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Data from: Geographic variation in corticosterone response to chronic predator stress in tadpoles

Citation

Dahl, Emma; Orizaola, Germán; Winberg, Svante; Laurila, Anssi (2012), Data from: Geographic variation in corticosterone response to chronic predator stress in tadpoles, Dryad, Dataset, https://doi.org/10.5061/dryad.tk553840

Abstract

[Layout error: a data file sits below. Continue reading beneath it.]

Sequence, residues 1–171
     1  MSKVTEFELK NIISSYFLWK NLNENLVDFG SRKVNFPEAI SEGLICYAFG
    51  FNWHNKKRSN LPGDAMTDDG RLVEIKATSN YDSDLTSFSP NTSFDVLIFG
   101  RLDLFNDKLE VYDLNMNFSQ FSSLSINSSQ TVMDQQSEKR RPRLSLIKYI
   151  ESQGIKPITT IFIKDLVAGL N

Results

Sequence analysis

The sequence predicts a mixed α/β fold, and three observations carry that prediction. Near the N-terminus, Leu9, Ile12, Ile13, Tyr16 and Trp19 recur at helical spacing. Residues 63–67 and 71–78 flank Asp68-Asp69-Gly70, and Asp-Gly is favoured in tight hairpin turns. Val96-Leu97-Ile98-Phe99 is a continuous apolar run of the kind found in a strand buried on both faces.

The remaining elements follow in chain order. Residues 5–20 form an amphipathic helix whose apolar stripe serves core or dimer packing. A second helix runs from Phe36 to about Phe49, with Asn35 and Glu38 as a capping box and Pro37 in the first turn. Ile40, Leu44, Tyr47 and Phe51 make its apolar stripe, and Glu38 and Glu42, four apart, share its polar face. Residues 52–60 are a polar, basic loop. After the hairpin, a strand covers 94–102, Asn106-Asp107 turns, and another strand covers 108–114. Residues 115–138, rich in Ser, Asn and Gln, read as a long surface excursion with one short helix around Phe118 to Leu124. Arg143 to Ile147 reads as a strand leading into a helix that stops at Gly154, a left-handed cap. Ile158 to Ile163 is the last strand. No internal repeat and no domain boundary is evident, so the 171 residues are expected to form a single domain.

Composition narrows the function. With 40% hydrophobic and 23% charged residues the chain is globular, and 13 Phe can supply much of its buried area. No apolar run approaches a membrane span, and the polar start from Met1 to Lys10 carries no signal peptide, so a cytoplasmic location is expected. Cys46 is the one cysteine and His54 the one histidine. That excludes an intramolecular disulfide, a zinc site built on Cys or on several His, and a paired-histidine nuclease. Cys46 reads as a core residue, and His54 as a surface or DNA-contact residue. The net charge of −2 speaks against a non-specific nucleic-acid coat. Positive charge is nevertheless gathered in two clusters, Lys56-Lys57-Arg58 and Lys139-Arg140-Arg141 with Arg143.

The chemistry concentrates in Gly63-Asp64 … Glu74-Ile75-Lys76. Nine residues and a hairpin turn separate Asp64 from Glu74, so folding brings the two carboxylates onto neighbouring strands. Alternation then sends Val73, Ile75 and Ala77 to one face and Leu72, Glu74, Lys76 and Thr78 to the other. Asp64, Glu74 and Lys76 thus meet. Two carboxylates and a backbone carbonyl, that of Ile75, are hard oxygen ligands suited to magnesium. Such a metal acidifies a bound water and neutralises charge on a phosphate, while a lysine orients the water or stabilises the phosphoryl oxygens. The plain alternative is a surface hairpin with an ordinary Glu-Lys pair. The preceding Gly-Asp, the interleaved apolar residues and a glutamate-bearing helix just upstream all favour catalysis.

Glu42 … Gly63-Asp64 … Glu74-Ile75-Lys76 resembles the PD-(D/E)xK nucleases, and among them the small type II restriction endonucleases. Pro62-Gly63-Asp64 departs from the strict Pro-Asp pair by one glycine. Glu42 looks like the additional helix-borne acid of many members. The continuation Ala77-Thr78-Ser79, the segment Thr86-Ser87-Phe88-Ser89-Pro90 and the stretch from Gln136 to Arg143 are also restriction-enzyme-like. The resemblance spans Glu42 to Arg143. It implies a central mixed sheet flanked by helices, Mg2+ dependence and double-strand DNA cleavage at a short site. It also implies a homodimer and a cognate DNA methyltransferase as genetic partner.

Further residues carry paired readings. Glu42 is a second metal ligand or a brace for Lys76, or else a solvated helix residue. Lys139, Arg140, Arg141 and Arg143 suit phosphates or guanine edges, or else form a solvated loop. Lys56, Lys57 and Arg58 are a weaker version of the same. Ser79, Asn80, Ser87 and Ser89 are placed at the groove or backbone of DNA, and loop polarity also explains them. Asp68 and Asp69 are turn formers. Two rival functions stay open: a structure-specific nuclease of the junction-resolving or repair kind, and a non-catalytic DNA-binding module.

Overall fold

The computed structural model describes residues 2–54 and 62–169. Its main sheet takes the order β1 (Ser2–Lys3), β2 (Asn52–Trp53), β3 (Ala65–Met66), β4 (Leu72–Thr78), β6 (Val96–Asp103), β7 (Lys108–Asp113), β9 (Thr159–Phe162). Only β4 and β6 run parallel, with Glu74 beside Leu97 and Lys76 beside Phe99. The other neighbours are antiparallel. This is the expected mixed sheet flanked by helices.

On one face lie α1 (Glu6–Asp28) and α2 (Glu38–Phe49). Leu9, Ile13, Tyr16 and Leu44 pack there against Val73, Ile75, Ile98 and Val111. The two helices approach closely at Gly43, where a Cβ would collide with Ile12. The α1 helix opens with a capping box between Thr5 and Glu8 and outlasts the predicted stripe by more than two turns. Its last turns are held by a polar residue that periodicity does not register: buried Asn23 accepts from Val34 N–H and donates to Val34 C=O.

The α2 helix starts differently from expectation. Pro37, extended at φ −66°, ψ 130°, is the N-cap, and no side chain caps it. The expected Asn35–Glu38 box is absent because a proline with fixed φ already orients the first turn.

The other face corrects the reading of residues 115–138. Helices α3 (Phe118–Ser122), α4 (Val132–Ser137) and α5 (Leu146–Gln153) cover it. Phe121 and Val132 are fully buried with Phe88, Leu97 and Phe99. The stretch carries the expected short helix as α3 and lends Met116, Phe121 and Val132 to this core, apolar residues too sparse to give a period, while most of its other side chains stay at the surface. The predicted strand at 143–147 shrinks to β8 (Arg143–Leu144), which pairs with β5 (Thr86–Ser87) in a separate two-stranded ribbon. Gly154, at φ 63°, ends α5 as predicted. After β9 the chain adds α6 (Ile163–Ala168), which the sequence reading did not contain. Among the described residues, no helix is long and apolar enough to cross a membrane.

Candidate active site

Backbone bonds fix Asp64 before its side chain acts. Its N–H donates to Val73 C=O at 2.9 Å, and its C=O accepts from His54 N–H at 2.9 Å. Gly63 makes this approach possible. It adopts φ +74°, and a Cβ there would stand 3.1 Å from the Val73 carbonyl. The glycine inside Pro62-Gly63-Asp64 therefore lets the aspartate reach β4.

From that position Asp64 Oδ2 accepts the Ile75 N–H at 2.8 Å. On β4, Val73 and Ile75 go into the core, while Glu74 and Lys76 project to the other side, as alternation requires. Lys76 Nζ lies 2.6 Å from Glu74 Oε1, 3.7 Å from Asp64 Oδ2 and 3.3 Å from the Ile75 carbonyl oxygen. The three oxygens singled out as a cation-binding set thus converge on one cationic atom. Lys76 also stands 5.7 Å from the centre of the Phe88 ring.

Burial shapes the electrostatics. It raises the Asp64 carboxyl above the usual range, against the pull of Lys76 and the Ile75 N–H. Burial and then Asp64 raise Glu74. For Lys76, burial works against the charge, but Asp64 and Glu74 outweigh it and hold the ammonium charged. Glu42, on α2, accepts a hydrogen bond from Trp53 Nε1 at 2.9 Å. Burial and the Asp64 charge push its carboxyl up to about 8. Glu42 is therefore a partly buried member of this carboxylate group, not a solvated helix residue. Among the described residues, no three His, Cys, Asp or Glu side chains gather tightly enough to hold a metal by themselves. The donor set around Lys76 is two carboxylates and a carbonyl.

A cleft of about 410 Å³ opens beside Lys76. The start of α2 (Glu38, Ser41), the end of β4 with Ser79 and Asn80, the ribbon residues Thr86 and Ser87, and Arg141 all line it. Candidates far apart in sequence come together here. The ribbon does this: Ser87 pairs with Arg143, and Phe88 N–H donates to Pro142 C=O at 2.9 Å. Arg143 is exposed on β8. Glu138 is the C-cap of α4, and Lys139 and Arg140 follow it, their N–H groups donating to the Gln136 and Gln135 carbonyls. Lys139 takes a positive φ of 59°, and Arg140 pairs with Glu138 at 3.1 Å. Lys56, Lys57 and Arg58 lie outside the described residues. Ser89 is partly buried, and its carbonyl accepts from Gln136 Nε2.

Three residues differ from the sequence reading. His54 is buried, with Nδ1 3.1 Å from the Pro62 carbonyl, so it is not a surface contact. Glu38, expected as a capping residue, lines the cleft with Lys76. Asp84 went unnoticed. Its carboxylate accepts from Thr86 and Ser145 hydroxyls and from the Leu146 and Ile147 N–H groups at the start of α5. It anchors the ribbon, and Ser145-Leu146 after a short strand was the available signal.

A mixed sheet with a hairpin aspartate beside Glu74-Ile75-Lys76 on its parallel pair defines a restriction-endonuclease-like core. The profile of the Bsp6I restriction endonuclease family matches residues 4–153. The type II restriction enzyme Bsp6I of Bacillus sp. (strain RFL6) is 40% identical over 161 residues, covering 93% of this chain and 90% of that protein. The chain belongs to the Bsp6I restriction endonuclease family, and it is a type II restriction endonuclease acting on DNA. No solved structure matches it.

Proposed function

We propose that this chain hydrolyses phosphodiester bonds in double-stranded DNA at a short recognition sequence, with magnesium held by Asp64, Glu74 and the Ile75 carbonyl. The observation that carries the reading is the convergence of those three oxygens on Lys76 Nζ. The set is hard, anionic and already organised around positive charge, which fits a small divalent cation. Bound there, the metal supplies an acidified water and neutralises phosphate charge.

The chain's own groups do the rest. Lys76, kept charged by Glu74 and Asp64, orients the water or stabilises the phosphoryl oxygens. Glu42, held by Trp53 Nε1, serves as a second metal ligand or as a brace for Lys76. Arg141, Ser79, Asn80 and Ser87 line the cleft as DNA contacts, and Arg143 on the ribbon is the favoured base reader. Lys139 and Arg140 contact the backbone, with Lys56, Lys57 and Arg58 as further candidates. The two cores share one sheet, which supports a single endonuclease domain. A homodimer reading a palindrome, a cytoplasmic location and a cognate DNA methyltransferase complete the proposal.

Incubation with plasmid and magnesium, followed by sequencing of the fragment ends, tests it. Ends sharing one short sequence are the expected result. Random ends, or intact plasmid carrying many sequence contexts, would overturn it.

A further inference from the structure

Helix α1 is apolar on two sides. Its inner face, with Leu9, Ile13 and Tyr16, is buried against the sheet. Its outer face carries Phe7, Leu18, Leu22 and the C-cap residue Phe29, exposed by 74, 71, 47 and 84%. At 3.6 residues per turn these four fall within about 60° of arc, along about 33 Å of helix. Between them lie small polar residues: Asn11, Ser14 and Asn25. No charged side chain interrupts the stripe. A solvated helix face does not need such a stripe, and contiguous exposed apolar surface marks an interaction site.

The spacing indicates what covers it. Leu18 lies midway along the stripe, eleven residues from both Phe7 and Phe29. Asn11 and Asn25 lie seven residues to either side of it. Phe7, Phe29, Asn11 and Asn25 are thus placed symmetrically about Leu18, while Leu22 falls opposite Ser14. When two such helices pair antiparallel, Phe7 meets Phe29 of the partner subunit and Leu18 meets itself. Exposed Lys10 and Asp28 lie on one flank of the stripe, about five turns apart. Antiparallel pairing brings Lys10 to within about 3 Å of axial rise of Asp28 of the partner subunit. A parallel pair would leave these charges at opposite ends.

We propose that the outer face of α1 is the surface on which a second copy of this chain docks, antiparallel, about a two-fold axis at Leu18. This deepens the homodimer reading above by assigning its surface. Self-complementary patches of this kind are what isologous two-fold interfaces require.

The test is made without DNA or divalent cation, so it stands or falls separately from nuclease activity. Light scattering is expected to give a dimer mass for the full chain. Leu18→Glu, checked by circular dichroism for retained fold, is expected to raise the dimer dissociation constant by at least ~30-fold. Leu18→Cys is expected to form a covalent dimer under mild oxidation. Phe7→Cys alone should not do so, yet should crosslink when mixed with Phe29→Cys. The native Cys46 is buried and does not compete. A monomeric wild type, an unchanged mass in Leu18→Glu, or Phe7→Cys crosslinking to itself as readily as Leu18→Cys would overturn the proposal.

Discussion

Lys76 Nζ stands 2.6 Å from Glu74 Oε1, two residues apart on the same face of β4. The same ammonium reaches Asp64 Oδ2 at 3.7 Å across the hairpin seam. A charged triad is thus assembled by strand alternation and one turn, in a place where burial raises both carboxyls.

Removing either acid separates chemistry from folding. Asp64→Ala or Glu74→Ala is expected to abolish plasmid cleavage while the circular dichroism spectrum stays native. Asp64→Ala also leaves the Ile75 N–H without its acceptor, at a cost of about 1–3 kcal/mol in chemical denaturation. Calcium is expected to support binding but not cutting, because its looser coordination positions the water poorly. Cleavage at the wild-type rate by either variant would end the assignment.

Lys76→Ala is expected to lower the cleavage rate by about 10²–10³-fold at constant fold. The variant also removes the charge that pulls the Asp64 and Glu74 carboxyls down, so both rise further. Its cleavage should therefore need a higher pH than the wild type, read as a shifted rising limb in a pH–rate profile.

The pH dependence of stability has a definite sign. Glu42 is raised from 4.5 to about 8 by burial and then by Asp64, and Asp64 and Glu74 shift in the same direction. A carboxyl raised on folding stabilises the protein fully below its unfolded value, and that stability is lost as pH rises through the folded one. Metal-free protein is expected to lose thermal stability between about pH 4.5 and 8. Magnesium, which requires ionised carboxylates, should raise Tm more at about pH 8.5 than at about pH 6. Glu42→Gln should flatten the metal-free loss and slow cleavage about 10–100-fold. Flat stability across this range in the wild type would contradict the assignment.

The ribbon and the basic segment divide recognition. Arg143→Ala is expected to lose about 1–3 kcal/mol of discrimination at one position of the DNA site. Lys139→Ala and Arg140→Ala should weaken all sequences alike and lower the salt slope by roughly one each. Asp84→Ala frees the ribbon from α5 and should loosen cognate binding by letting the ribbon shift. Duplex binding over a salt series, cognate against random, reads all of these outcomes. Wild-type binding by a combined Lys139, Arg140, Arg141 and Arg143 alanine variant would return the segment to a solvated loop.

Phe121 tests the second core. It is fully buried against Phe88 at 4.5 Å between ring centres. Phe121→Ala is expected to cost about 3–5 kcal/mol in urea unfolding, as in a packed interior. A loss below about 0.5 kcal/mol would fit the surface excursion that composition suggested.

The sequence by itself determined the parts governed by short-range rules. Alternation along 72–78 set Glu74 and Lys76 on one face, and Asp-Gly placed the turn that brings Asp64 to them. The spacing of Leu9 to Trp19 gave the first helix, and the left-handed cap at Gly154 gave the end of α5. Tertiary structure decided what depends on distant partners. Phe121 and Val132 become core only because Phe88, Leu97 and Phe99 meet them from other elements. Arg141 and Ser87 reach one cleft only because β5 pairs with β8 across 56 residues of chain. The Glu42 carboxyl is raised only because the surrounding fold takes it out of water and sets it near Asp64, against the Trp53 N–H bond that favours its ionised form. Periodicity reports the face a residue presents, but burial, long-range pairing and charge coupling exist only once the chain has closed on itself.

Chronic stress often affects growth and development negatively and these effects are often mediated via glucocorticoid hormones, which elevate during stress. We investigated latitudinal variation in corticosterone (CORT)-response to chronic predator stress in Rana temporaria tadpoles along a 1500 km latitudinal cline in Sweden tadpoles, in a laboratory experiment. We hypothesised that more time-constrained high-latitude populations have evolved a lower CORT-response to chronic stress to maintain higher growth under stressful conditions. Southern tadpoles had higher CORT-content in response to predators after one day of exposure, whereas there was no increase in CORT in the northern populations. Two weeks later there were no predator-induced CORT elevations. Artificially elevated CORT levels strongly decreased growth, development and survival in both northern and southern tadpoles. We suggest that the lower CORT-response in high-latitude populations can be connected with avoidance of CORT-mediated reduction in growth and development, but also discuss other possible explanations.

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